I think he’s on to something. The fact that even some countries that weren’t British colonies have decided to join the Commonwealth (Rwanda and Mozambique) suggests that the organization still has a certain cachet. A club that encompasses 2.2 billion people is not to be sneezed at, perhaps. The citizens of some of its member countries have voting rights in others; those wishing to migrate from one Commonwealth country to another also often enjoy preferential immigration status. And even though membership in the Commonwealth club doesn’t explicitly encompass commercial privileges, several studies show that member countries trade much more with each other, and under more favorable terms, than with non-members.
But the "badge of respectability" that comes with Commonwealth membership shouldn’t come too cheap. While there is something to be said for the organization’s consensus-based philosophy, the Commonwealth needs to make a clear stand on the need to protect democratic values in a world where increasingly assertive autocracies are challenging the primacy of freedom. British colonialism committed plenty of sins in its day, but it has also bequeathed to the world a positive legacy of respect for human rights and the rule of law that remains treasured in many of the places that have been touched by it. (I’m looking at you, Hong Kong.)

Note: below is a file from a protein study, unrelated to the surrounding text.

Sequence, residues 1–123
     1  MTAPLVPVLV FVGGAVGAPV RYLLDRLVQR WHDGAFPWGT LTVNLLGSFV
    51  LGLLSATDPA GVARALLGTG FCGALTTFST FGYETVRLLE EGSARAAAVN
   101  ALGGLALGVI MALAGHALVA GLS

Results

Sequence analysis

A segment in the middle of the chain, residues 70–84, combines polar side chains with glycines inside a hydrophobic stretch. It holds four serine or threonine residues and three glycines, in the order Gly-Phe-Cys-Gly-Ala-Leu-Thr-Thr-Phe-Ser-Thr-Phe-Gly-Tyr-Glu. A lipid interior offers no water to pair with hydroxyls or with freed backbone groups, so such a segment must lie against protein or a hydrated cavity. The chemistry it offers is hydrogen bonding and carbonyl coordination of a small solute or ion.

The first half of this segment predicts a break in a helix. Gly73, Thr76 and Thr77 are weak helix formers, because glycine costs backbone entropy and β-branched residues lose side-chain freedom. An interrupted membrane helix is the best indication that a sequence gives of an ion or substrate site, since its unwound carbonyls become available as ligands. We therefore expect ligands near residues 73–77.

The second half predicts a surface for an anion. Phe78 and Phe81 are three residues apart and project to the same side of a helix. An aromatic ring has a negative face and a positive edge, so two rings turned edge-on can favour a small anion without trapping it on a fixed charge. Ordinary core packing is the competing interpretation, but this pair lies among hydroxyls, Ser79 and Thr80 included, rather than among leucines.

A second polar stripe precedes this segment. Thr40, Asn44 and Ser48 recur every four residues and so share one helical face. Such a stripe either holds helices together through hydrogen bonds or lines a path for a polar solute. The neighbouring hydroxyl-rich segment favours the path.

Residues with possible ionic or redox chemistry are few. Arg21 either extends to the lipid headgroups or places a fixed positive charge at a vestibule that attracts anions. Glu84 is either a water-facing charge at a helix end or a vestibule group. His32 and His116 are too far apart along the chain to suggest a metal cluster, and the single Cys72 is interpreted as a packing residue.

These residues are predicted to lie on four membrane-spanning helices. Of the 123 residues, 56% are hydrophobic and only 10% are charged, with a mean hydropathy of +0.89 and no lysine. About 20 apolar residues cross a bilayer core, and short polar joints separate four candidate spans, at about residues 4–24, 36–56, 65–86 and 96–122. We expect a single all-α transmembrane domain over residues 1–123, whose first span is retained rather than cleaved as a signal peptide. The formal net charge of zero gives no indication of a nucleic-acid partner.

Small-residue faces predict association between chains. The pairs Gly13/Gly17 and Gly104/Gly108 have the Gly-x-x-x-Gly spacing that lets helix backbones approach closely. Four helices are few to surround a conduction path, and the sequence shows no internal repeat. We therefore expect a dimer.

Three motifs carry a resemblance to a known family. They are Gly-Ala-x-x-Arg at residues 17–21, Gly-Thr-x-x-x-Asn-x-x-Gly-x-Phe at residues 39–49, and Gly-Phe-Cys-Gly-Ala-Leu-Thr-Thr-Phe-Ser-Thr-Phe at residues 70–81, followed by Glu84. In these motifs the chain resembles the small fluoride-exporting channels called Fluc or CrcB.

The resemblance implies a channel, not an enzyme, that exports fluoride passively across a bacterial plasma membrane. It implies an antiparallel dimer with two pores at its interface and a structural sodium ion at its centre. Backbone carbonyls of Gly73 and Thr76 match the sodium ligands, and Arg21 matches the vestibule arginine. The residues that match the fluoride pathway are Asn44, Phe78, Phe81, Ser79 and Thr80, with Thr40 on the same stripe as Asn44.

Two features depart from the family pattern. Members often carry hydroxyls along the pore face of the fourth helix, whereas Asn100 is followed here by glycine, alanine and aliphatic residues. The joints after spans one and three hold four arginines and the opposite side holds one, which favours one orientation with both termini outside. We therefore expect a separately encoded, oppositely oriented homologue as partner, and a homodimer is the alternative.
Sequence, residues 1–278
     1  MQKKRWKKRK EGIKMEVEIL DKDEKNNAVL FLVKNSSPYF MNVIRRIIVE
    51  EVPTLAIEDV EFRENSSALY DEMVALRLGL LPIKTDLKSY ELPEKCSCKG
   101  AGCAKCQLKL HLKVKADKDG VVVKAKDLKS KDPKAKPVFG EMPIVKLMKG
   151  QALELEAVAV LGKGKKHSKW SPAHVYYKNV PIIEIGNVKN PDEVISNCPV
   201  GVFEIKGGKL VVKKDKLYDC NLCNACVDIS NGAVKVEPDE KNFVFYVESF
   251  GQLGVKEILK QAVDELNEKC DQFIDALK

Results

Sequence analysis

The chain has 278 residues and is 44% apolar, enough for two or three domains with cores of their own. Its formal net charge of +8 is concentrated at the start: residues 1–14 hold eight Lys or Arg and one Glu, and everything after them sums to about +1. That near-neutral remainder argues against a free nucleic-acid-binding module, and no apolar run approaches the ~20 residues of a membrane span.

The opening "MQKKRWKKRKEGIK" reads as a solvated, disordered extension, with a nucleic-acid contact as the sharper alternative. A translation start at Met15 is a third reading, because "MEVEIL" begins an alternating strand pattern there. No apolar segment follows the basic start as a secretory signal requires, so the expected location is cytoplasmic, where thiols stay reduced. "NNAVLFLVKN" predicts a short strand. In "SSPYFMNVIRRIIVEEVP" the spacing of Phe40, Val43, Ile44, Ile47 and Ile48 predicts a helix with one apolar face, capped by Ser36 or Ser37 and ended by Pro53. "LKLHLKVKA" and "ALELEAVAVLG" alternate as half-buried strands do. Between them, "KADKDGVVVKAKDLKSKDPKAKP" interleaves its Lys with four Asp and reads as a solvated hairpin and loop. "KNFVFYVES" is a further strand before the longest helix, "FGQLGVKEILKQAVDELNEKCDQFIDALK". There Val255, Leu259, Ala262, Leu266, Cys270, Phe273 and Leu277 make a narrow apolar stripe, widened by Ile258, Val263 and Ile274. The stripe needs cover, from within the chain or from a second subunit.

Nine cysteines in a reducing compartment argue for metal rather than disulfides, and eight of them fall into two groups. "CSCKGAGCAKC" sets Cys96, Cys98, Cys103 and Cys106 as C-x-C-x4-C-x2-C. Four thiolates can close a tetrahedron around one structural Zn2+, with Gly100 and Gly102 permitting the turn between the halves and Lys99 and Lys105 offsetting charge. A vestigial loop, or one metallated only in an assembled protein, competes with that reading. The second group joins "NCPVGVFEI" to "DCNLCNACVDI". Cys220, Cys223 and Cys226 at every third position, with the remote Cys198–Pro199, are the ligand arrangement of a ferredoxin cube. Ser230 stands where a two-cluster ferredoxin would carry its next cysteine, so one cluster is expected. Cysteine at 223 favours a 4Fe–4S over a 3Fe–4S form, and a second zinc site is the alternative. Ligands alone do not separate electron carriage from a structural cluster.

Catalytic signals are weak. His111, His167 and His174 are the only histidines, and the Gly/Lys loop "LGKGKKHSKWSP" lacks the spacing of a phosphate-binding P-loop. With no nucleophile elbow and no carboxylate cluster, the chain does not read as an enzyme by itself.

In any case, next month’s summit meeting could end up giving the Commonwealth a serious reality check. The British government has so far managed to keep aloof from the Canadian’s accusations against the Sri Lankan government, but that could change, now that the government of Prime Minister David Cameron has also come under fire for failing to chide Colombo for its authoritarian airs. Last week a member of the British parliament challenged Cameron for failing to address the killing of a British citizen in Sri Lanka two years ago — allegedly at the hands of a close adviser of Sri Lankan President Mahinda Rajapaksa.
There’s no question that the Commonwealth urgently needs reform. Too many of the organization’s events are empty diplomatic exercises. To get things back on the right track, the group could start by holding countries to account when they show contempt for democratic norms, perhaps even culling the membership roster accordingly. Surely that would be a small price to pay for increased credibility. It’s time for the Commonwealth to live up to its high standards.